A Handy Guide to Creating Your Small Business’s First Website

Whilst social media platforms such as Facebook, Linked In and Twitter may appear to have monopolised the internet over the past few years (and it is vitally important that your business has a defined presence on these platforms) there is no way either can compare to your own bespoke website. On a purely aesthetic level the customisation options available when building your own website allow your site to reflect the personality of you and your business, without compromise, which would just not be possible with most social media platforms, even wildly flexible platforms such as WordPress. It will also be difficult for potential consumers to take your business seriously if you don’t have your own website. Appearances matter and a smart, logical and attractive website could really help your business stand out from the herd, so when you’re setting up your first small business, the website should be one of the first things you consider. It doesn’t just need to be a promotional tool either; it can be so much more. In fact, you might not need any physical presence at-all, as long as your web presence is solid. Imagine that, running your own business, at your own pace and in your own hours, from your own home. What could possibly be more a more desirable profession than that?

Free Hosting Platforms

Hiring a skilled website designer who is not only well versed in the specific internet coding language many of us might find about as legible as ancient Egyptian, but will build a site to your exacting demands, is obviously an option that will appeal to those with bottomless bank balances. It can be an incredibly lengthy and expensive process though, so until your business gains some real traction it might be a good idea to use a free hosting platform as a base from which to launch your business. Popular platforms like Tumblr and WordPress exist for this very purpose and are both wealthy with a surprising amount of deep customisation options. Of course, you’ll never be able to build the site of your dreams with one of these tools, but they are perfect ‘starter’ sites for first timers. A good middle ground would be a service such as Wix, but to use the premium features of such a service you’d end up spending almost as much as you would for a good bespoke designer.

Money Terms

These states measure how effectively your site traffic translates into sales. You’ll be able to use them to track which search terms lead to sales, giving you all the information you’ll need to effectively streamline your online marketing.


Building your website and uploading your content is only really a tiny percentage of the battle. The main bulk of the work will come through marketing, which you can approach in a variety of ways. Obviously you’ll need a decent presence on the major search engines and to really compete with the big boys you’re going to need to employ SEO (Search Engine Optimisation) practices. Undertaking an SEO campaign can be complicated and costly, but the results should speak for themselves as long as you choose the right firm to work with. Conversely, you could try boosting your site ranking yourself by creating keyword links and there’s also the option of hiring affiliate marketers to help you ply your wares. Whichever route you choose to go down though it should definitely be bolstered by social networking. You might turn your nose up at Facebook and Twitter, but they are free sites used by almost everyone with an internet connection so they are not markets you should be snubbing. The key to marketing an online business is integration. Make sure all of your marketing tools are selling the same message with the same personality and all have links to one another and you should see results build over time. To learn more about how to effectively market your business’s site, WebWithit teaches you how to build business through tips and tricks from some of the most respected entrepreneurs in the business. Also WebWithit teaches you how to build website revenue by using affiliate marketing programs, Google Adwords and more.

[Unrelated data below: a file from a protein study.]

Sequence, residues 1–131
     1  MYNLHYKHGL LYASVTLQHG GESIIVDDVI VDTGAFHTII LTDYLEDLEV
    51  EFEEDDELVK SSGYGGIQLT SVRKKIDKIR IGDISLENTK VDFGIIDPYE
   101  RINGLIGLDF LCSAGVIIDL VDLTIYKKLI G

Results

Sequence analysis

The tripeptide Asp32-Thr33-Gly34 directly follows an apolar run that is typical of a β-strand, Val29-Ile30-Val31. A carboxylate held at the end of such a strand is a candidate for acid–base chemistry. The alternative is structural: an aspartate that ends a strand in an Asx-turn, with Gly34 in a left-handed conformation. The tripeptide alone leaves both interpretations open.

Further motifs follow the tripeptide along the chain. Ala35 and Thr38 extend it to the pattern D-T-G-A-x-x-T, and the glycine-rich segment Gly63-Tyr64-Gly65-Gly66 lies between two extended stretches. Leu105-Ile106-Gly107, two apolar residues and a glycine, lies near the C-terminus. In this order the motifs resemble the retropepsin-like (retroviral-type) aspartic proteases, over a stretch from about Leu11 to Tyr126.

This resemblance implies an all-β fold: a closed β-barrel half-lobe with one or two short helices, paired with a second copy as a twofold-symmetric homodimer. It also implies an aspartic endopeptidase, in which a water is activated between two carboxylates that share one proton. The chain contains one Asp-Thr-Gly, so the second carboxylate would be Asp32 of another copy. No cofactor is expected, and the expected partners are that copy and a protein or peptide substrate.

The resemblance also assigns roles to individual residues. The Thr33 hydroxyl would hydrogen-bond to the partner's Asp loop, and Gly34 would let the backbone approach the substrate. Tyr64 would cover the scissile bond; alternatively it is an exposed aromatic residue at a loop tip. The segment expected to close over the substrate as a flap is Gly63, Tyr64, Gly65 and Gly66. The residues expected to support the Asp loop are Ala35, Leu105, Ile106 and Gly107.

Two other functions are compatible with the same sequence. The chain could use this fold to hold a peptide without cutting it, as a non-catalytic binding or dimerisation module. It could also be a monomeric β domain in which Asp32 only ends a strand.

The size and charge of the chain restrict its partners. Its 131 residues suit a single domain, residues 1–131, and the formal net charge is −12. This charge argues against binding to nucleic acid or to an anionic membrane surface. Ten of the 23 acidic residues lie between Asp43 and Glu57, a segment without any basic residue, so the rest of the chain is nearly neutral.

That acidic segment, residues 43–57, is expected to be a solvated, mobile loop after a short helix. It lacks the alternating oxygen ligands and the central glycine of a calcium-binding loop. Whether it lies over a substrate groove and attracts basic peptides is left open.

If you decide to forego the professional option and design your own site, then first off, well done! Going the DIY route shows real commitment and passion and in all honesty, website design is not rocket science as long as you understand the basics. There are numerous online tutorials available to help beginners get to grips with the nuts and bolts of the practice, and modern software programs will take much of the guesswork out of the equation. The design will be all up to you though, and with your website design, the primary factors that will need to be taken into consideration are its impact and functionality. Functionality is particularly important as you could have the most impressive website in the world, but if nobody can navigate it, then it’s nothing more than an expensive screensaver. As a small business, you’ll probably lack the funds and resources of ‘the big boys’, but sometimes simple, effective elegance can win out over flashy, incomprehensible sites. High definition videos and complicated images could make your site inaccessible for users with slower broadband connections, and remember that a large percentage of traffic these days will come through mobile phones and tablets so keeping your site simple will mean they are more likely to be compatible with mobile operating systems. Above all else you need to make an emotional connection with your audience, and you can do this by using attractive fonts, clear, confident content and a few striking images. No more, no less.

About the author:

George Brandon started his own online business 3 years ago. It has recently reached a point where he can quite confidently call himself a ‘success’ and works from the office room of his beautiful 3 bedroom home.

  1. Brandon Baker
    September 14, 2018 | Reply

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